You’ve likely heard of ChatGPT, the chatbot from OpenAI. But you’ve likely never heard an interview with ChatGPT, much less an interview in which ChatGPT reflects on its own impact on the information ecosystem. Nor is it likely that you’ve ever heard ChatGPT promising to stop producing racist and misogynistic content.
But, on this episode of Arbiters of Truth, Lawfare’s occasional series on the information ecosystem, Lawfare editor-in-chief Benjamin Wittes sat down with ChatGPT to talk about a range of things: the pronouns it prefers; academic integrity and the chatbot’s likely impact on that; and importantly, the experiments performed by a scholar name Eve Gaumond, who has been on a one-woman campaign to get ChatGPT to write offensive content. ChatGPT made some pretty solid representations that this kind of thing may be in its past, but wouldn’t ever be in its future again.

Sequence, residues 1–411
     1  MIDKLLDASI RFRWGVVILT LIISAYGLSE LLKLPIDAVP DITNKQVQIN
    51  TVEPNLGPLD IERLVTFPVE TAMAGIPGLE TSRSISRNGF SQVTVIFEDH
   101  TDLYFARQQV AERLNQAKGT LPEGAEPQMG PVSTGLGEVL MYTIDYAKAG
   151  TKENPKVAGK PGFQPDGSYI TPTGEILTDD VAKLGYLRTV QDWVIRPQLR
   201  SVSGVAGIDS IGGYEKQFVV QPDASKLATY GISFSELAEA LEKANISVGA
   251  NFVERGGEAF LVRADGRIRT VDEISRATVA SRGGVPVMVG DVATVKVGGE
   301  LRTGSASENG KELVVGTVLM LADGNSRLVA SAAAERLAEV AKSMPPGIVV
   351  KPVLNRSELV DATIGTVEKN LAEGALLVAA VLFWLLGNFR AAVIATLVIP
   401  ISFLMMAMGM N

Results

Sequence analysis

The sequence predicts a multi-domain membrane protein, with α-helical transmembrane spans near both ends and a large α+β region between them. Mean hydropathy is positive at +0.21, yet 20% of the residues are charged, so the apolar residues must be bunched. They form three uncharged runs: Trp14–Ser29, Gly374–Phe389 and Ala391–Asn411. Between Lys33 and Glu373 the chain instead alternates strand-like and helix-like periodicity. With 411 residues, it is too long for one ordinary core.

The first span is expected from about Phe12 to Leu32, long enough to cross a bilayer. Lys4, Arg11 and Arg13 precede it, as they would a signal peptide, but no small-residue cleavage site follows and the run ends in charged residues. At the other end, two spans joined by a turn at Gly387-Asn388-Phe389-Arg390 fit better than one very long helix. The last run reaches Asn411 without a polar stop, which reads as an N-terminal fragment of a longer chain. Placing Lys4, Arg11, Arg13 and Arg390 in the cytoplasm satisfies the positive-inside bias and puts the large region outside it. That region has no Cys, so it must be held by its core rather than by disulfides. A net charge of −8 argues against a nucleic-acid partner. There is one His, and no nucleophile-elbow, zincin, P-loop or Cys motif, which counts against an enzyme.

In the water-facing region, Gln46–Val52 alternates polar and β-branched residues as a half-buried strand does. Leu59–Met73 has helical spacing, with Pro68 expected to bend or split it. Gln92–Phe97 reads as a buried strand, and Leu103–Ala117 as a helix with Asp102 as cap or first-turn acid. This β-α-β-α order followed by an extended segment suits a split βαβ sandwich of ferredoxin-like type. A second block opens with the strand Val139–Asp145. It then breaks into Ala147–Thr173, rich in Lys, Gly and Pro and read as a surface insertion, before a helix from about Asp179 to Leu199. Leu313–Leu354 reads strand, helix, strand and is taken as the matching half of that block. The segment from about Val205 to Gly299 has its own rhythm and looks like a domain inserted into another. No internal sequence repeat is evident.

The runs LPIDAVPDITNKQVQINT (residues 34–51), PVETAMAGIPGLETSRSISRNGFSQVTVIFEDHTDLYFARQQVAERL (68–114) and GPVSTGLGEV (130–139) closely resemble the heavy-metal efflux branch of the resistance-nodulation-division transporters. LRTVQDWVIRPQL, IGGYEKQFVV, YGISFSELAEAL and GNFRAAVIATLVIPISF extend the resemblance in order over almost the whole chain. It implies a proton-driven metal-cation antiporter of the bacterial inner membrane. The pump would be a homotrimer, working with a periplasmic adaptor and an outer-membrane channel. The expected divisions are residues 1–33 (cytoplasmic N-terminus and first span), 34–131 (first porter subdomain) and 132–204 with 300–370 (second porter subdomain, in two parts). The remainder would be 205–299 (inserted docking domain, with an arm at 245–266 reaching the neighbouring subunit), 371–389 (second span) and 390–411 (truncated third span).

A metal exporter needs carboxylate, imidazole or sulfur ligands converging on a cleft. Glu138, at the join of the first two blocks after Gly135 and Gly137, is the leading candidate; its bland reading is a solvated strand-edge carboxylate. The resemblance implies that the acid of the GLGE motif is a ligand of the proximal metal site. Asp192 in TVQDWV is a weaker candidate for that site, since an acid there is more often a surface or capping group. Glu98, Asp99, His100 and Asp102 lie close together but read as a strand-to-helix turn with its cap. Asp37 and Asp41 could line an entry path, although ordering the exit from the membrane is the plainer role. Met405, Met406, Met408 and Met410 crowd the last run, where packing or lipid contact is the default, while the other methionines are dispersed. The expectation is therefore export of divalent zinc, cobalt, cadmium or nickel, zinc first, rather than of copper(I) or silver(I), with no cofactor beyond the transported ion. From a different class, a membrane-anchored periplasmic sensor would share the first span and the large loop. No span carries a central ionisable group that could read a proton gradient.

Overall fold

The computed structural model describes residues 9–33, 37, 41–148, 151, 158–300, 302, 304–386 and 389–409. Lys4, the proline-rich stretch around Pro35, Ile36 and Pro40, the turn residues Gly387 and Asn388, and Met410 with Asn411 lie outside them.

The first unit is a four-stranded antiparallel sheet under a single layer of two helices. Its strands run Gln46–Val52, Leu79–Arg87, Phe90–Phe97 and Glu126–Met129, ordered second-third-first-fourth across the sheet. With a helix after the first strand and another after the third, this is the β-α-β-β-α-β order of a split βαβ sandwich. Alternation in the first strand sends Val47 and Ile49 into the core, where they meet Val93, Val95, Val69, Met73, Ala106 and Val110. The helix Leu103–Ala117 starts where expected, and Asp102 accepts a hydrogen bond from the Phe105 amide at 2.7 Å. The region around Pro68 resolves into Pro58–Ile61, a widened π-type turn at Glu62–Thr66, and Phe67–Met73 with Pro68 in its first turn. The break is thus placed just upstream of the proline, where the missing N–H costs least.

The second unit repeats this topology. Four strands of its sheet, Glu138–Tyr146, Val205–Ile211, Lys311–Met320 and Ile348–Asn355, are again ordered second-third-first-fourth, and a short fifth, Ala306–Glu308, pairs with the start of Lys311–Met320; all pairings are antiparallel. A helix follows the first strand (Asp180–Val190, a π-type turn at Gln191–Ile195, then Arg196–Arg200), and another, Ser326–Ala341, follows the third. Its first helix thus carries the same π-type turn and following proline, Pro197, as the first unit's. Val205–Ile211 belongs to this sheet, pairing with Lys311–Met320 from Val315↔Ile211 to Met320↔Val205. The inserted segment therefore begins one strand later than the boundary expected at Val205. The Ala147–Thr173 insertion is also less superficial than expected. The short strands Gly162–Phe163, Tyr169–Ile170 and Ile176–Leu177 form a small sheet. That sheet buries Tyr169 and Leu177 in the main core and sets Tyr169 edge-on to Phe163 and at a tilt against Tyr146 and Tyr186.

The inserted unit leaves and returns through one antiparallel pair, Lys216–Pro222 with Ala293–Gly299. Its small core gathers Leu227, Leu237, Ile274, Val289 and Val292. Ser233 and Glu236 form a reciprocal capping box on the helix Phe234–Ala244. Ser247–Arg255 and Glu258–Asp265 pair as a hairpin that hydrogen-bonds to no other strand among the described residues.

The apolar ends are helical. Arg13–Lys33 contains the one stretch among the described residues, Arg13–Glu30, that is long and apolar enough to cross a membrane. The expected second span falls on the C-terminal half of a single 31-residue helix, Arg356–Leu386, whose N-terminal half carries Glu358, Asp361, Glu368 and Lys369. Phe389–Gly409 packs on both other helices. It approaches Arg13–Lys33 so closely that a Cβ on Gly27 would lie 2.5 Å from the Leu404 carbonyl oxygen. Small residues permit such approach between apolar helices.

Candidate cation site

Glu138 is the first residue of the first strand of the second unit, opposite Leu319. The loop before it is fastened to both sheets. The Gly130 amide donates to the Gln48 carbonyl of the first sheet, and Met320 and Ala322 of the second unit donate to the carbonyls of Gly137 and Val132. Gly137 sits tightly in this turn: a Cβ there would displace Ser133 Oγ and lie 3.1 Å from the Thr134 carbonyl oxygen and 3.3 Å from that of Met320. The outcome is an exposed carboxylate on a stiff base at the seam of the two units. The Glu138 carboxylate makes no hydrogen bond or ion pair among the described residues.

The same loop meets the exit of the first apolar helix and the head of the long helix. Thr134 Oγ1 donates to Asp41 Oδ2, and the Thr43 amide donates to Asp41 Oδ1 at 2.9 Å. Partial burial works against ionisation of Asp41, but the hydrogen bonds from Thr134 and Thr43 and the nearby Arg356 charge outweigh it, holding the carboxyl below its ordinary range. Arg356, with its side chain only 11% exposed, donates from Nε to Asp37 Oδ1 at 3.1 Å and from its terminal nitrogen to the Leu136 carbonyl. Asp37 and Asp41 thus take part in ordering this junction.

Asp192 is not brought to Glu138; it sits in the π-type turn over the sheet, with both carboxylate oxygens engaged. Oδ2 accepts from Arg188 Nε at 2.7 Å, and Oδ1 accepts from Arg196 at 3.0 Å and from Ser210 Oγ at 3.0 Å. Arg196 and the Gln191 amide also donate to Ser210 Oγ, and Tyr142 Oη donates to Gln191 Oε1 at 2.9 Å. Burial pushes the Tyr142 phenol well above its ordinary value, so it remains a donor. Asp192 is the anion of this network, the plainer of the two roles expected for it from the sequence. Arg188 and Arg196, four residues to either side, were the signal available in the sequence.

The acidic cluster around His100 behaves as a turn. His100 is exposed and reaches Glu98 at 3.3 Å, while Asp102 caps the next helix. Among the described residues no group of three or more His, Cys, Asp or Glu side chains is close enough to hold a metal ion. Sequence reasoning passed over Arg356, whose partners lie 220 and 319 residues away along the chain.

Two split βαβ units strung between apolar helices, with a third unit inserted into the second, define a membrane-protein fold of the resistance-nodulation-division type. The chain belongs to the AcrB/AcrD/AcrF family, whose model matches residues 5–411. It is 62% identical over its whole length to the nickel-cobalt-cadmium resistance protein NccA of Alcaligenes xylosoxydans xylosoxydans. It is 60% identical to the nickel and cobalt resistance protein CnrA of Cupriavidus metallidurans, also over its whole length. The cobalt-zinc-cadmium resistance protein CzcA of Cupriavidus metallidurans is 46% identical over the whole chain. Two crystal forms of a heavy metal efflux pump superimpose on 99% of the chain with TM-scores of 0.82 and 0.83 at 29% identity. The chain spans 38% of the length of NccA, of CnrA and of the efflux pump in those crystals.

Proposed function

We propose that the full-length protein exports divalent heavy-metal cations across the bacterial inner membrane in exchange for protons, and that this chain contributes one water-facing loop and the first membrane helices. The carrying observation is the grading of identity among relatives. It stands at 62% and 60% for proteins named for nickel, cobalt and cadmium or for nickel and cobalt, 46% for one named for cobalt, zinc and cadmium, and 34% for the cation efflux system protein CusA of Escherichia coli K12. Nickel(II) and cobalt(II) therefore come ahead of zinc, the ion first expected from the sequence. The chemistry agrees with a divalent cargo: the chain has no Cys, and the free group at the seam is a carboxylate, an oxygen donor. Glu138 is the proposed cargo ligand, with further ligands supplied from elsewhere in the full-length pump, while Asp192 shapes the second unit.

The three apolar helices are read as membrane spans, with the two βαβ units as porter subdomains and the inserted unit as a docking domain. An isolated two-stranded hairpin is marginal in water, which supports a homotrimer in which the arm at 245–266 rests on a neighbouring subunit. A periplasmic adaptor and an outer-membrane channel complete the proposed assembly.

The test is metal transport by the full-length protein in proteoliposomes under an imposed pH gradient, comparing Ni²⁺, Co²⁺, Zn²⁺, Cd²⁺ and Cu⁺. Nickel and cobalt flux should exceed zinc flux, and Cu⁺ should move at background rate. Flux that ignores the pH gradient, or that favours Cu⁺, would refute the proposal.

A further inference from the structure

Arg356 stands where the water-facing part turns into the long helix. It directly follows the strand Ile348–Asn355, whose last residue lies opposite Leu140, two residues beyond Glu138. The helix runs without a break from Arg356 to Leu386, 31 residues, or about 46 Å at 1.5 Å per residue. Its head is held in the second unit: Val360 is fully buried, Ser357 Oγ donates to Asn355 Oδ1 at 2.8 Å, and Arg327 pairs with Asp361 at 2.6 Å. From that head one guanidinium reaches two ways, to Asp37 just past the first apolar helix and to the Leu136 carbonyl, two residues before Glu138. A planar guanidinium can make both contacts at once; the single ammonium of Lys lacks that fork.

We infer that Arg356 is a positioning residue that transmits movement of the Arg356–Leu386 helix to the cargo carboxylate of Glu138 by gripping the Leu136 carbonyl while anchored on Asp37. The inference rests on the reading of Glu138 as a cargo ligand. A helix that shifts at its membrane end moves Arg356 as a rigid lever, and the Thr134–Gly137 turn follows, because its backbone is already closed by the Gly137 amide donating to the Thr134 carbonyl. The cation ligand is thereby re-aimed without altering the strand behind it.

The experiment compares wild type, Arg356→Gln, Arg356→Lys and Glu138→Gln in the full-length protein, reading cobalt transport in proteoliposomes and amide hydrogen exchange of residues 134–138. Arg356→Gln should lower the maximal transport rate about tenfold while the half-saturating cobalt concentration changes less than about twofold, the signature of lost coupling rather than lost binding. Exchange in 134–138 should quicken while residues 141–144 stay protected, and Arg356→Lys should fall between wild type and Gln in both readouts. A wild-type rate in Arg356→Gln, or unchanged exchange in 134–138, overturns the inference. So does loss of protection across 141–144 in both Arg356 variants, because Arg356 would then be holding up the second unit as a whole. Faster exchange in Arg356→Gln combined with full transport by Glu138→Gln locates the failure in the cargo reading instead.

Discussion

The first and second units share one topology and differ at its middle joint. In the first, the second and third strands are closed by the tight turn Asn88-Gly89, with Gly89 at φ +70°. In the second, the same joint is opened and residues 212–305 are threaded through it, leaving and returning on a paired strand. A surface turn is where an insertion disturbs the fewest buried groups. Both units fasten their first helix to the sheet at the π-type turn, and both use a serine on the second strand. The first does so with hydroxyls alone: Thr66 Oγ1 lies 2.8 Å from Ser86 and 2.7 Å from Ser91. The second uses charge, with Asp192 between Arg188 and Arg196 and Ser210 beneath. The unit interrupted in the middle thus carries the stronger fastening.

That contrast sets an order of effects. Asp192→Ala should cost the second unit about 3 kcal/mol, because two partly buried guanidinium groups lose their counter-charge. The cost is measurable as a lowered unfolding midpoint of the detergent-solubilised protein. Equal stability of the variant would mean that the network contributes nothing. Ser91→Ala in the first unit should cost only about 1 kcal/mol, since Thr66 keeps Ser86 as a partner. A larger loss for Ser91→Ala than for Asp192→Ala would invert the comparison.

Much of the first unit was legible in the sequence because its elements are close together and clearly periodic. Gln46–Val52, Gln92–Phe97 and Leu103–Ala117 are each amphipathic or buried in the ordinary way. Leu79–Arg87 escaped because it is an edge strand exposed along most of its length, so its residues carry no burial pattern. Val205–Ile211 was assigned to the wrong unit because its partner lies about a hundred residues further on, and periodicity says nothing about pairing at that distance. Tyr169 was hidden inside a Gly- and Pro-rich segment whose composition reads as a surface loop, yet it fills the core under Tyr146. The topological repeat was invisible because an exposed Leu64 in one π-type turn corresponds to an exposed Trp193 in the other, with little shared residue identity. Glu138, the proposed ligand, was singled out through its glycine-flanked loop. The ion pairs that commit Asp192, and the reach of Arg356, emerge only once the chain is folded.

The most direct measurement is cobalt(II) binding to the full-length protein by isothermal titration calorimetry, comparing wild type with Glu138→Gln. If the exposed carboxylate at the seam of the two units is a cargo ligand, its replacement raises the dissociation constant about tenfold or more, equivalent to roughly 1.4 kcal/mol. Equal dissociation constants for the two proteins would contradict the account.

So, following Ben’s interview with ChatGPT, he sat down with Eve Gaumond, an AI scholar at the Public Law Center of the University of Montréal, who fact-checked ChatGPT’s claims. Can you still get it to write a poem entitled, “She Was Smart for a Woman”? Can you get it to write a speech by Heinrich Himmler about Jews? And can you get ChatGPT to write a story belittling the Holocaust?